What would you say if you saw photos taken of Colusa’s most impressive structure over the years and saw the bear facing west, then east, and then west again?
The Colusa County Courthouse was built in 1861 at a cost of $21,000, and is considered the first Classical Revival courthouse constructed in the Sacramento Valley. It is the second oldest existing courthouse still in use in California.
The massive building has served continuously as the seat of justice and government for Colusa County since March of 1861, and served as a meeting place for several years for the City of Colusa’s first Board of Trustees, when the city was incorporated in 1868. It was also the center of cultural, social, and religious activities, where club meetings, dances, church services, and funerals were held.
The two story brick building, later covered over with plaster, was designed with motifs derived from Roman and Greek classical orders. Its four massive 30 feet high columns at its entrance support the projecting pediment with the sculptured golden bear, the symbol of the state of California.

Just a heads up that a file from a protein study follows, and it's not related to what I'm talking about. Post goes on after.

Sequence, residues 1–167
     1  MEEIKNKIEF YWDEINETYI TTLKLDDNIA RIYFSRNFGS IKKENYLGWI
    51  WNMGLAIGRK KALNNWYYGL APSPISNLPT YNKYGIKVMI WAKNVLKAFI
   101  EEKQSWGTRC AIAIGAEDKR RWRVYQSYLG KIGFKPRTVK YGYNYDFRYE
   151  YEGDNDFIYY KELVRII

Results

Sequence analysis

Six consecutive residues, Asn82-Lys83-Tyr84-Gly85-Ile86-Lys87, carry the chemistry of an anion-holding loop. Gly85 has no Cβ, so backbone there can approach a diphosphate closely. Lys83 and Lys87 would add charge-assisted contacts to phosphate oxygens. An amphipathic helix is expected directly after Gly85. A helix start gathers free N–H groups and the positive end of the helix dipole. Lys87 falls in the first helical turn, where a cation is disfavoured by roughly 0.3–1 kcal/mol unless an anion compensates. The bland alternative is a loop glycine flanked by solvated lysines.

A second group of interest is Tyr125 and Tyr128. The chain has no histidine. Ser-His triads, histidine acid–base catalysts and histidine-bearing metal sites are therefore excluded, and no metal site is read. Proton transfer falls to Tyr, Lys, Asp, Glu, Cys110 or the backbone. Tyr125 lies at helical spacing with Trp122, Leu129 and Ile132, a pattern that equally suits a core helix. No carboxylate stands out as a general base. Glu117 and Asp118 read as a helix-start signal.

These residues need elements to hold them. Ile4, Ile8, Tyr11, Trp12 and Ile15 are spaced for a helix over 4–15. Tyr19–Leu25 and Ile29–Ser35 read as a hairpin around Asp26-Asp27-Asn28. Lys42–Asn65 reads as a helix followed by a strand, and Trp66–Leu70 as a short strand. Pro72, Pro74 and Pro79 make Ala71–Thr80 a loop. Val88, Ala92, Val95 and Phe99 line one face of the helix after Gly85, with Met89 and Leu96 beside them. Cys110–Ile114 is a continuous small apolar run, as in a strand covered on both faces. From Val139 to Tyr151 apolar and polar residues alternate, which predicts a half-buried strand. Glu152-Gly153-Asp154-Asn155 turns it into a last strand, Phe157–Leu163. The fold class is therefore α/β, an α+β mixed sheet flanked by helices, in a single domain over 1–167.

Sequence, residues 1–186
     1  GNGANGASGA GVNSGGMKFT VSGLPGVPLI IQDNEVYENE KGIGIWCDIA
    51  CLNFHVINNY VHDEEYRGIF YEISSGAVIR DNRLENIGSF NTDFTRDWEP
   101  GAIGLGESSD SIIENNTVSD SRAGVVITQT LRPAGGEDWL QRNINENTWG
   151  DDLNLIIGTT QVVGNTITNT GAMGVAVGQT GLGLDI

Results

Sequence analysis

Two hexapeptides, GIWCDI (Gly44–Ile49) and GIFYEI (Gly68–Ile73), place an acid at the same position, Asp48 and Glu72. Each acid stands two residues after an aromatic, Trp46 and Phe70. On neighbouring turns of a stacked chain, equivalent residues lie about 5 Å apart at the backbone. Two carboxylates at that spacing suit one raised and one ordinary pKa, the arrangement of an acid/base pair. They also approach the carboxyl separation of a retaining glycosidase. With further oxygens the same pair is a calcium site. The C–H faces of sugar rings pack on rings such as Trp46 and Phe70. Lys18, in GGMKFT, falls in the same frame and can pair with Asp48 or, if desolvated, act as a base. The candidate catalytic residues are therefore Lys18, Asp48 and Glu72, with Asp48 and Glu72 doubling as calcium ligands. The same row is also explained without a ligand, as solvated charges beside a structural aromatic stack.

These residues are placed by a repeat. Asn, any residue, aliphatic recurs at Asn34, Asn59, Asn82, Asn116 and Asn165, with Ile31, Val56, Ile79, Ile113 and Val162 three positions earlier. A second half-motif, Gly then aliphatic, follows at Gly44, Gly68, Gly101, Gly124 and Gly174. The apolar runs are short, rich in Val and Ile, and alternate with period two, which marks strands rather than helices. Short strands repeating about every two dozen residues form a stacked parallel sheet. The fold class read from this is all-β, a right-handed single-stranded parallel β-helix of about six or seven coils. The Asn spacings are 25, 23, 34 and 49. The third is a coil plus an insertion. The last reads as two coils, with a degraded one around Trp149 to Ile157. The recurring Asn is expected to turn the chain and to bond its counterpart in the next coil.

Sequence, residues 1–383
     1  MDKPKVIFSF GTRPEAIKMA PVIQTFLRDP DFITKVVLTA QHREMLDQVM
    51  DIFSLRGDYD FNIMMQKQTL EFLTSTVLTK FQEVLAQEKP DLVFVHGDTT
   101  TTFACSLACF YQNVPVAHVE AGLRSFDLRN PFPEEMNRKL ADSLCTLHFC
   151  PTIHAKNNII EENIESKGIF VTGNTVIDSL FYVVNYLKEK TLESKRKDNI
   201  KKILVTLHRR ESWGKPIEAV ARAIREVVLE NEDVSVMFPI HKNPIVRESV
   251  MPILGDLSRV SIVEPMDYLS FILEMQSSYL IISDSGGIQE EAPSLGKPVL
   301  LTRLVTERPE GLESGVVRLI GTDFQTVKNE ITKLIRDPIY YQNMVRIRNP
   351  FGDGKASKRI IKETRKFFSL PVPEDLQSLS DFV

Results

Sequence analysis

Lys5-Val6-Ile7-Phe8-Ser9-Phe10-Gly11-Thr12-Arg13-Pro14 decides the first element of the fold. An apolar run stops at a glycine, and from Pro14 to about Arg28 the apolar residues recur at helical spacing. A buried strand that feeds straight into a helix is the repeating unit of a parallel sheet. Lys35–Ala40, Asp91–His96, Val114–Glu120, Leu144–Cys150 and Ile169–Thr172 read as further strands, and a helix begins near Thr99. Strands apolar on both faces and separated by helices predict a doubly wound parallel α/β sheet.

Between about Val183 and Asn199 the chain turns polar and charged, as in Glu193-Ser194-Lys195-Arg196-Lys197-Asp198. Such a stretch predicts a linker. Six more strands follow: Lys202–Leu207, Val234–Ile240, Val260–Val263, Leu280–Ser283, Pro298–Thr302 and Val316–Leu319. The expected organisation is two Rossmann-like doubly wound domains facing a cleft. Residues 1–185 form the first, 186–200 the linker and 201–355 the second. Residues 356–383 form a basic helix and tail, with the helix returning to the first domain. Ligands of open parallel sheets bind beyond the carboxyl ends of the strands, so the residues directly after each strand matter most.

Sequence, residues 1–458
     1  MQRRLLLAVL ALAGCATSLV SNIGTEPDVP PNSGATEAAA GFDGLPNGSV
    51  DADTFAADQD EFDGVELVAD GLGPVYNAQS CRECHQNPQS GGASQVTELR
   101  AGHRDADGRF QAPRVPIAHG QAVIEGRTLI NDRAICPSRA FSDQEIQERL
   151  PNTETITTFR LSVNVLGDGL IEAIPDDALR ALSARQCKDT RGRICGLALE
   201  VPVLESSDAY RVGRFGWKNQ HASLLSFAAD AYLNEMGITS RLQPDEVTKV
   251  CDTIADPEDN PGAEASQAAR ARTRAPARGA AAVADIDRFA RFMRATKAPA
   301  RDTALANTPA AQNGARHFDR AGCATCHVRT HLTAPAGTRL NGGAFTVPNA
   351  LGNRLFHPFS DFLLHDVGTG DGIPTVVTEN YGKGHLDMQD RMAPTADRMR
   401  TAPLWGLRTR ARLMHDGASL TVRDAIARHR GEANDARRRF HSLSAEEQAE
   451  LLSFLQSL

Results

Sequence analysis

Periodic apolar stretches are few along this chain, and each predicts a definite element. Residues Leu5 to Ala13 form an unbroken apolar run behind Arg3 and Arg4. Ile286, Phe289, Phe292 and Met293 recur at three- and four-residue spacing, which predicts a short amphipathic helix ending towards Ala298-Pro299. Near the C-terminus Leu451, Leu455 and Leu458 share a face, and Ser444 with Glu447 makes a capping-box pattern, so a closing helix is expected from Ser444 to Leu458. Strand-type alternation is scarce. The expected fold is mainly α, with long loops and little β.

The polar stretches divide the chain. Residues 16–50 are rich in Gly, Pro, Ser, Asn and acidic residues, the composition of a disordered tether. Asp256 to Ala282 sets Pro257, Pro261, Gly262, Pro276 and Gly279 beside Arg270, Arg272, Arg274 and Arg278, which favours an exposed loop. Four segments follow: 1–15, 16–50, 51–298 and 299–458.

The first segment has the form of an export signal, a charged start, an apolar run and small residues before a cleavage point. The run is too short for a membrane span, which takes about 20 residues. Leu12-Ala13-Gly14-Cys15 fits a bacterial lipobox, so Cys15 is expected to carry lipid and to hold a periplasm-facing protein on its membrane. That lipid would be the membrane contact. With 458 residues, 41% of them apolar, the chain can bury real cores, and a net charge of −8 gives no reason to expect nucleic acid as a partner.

The bear currently faces west, but as historical photographs would indicate, the sculpture was likely removed for gilding and then returned to various positions, sometimes facing west, sometimes east.
Which way the bear originally faced has been a subject of debate, although many speculate that the bear would probably have been first placed facing west out of deference to manifest destiny, a 19th century belief that was widely held in the United States at the time of the courthouse’s construction that this country’s settlers were destined by God to expand westward across North America.
The Colusa County Courthouse was designated California Historic Landmark No. 890 during the nation’s bicentennial celebration that was held in Colusa on July 4, 1976.
The City of Colusa will celebrate its sesquicentennial on June 16, 2018.